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Portfolio Model Proposed for Funding Alzheimer’s Research

Illustration of brain (NIDA)

(National Institute of Drug Abuse)

18 June 2014. Financial and biomedical researchers at Massachusetts Institute of Technology, University of California in Santa Barbara, and the biotechnology company Genentech outlined a different approach to funding research on Alzheimer’s disease that supports multiple simultaneous studies addressing various drug targets. The team led by MIT finance professor Andrew Lo published its findings today in the journal Science Translational Medicine (paid subscription required).

While more than 5 million Americans suffer from Alzheimer’s disease and the number is expected to at least double by 2050, the record of developing therapies for the condition is spotty at best. The authors note that between 1998 and 2011, only 3 new drugs were approved by FDA — none since 2003 — and 101 drug development projects failed to yield a successful product.The 5 drugs approved so far by FDA for Alzheimer’s treat symptoms of the disease, not the underlying disorder.

Research to discover drugs for Alzheimer’s usually focuses on a specific molecular target or pathway, with funding sought to pay for the work and support a research team. Lo and colleagues propose a different approach to organizing and financing this effort. The authors recommend supporting multiple studies conducted simultaneously, each addressing a different target and supported from a common pool of funds.

This portfolio approach, say the authors, will be challenging for both scientists and financiers. In the paper they identify 64 potential research projects addressing different targets along 12 pathways, with multiple studies assigned to hypotheses considered more well-developed or likely to succeed. The authors concede the number of studies is arbitrary and could go higher, up to 100 or more.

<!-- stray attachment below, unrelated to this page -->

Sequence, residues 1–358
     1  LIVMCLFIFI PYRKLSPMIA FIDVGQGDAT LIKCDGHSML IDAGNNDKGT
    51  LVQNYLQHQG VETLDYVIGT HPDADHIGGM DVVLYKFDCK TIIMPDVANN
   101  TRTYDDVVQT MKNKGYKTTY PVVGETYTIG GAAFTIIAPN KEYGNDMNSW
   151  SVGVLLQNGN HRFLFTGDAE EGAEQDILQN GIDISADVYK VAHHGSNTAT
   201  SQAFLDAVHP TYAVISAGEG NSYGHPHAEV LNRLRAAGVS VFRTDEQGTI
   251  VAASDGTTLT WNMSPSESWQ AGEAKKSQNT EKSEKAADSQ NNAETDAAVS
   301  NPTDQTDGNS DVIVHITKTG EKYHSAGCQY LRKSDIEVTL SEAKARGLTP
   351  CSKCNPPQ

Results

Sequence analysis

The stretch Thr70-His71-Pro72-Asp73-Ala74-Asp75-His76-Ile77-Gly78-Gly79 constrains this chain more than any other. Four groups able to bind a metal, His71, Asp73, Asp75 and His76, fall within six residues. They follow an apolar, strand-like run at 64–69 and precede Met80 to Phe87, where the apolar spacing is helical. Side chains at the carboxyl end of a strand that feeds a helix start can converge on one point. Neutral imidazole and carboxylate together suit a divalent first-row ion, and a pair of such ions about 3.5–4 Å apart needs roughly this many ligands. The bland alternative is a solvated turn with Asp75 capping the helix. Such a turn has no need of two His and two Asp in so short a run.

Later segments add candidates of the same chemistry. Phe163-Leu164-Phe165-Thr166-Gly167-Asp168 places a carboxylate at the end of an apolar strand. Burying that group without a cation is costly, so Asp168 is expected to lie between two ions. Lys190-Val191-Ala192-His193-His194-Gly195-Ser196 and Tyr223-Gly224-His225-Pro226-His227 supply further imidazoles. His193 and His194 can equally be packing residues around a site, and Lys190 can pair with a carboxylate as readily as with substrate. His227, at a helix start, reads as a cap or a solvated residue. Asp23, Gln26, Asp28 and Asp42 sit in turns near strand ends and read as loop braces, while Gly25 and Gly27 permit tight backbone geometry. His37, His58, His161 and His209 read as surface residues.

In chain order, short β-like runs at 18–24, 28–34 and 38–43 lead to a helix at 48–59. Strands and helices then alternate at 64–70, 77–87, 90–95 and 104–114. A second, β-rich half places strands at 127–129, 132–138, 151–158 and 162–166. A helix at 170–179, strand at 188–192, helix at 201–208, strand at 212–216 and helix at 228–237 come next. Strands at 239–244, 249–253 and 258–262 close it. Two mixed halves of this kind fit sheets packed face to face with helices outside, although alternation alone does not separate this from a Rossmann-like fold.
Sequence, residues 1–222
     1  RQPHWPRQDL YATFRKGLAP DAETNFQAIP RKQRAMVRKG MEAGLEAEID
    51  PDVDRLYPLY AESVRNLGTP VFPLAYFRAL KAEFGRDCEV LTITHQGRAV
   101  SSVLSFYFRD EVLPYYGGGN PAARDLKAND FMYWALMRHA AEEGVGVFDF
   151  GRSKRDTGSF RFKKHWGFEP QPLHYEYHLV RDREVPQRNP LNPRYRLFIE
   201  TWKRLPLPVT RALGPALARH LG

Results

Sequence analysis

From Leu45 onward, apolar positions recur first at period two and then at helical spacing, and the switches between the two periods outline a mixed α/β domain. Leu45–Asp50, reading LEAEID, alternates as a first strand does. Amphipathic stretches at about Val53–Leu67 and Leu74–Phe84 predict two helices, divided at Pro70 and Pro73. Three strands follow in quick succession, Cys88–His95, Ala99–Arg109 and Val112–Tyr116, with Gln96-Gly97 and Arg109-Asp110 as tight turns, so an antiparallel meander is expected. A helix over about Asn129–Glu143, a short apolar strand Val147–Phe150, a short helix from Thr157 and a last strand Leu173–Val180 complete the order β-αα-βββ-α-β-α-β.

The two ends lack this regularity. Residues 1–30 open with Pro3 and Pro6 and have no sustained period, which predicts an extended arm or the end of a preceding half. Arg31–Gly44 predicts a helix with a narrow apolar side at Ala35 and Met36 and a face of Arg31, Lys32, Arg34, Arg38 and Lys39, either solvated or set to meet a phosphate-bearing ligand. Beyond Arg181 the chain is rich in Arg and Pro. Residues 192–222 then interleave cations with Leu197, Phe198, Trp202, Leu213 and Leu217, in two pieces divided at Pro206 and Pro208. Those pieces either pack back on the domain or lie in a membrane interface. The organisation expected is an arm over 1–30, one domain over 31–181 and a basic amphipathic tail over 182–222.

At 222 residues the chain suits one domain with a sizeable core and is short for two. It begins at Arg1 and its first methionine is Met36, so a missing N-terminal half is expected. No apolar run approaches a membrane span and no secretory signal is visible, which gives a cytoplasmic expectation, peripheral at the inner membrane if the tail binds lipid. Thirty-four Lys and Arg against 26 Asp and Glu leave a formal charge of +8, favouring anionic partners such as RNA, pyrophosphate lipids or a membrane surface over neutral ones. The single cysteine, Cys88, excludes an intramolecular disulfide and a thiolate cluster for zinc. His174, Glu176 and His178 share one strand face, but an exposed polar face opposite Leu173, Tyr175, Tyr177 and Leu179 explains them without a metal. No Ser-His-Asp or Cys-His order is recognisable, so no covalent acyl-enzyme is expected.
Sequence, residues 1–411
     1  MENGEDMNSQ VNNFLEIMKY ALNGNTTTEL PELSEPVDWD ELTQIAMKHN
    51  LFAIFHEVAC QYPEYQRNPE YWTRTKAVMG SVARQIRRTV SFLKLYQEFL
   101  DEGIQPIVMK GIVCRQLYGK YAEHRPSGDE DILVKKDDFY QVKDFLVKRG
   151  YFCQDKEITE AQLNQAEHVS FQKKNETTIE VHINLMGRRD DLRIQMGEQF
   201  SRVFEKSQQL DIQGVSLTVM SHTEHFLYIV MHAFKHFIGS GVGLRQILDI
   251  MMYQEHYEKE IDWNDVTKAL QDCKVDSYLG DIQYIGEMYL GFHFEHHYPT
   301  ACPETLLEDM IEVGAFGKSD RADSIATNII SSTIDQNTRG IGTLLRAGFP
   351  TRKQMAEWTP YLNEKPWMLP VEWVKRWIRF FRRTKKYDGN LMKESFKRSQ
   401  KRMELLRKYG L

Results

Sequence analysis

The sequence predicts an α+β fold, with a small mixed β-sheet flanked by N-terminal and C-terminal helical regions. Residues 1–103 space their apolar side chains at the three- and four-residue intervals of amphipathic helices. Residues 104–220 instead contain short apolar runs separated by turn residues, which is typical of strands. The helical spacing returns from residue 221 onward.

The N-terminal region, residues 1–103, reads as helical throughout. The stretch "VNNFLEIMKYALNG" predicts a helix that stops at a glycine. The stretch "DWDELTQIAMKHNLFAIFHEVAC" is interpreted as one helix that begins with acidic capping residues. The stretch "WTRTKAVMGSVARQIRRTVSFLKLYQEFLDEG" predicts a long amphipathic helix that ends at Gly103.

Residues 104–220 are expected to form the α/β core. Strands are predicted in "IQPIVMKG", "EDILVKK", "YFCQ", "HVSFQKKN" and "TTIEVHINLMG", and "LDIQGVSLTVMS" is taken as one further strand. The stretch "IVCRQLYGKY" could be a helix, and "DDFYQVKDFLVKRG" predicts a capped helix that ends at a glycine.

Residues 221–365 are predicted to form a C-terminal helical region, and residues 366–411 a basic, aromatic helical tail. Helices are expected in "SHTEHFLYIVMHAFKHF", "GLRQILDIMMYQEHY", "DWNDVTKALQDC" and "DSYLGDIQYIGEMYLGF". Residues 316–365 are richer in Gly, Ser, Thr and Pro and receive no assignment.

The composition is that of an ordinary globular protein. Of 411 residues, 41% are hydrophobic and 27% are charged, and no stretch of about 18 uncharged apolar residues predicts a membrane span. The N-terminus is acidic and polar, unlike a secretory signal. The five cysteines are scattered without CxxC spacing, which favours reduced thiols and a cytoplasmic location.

For financing, the researchers propose a bond fund that would securiturize the portfolio’s assets and distribute risk among the bond holders. The portfolio’s assets, intellectual property generated by the research, would draw on the cash flow from royalties generated by successful drugs to pay principal and interest.

The authors estimate the fund would need to raise $38.4 billion, calculated by $600 million needed on average to support each of the 64 studies. In a simulation of the funding model, the team projected a 13 year development period for each drug, with a total of 150 clinical trials during that period. With that number of trials, the team calculates the odds of at least two successful trials is 99.6 percent.

On the other hand, drug development remains a highly risky business. While new drugs would have 20 years of patent exclusivity, much of that time would be taken up in the development process, and thus the fund would still present a good deal of cash-flow risk for bond holders.

The researchers recommend that government as well as private investors take part in the bond fund, since the taxpayers would also reap benefits from its work. Government is generally more risk tolerant and takes a longer view of returns on these kinds of investments. In addition, according to the Alzheimer’s Association, Medicare and Medicaid together are expected to pay $150 billion in 2014 alone on Alzheimer’s-related expenses, thus government has a direct stake in finding treatments that work.

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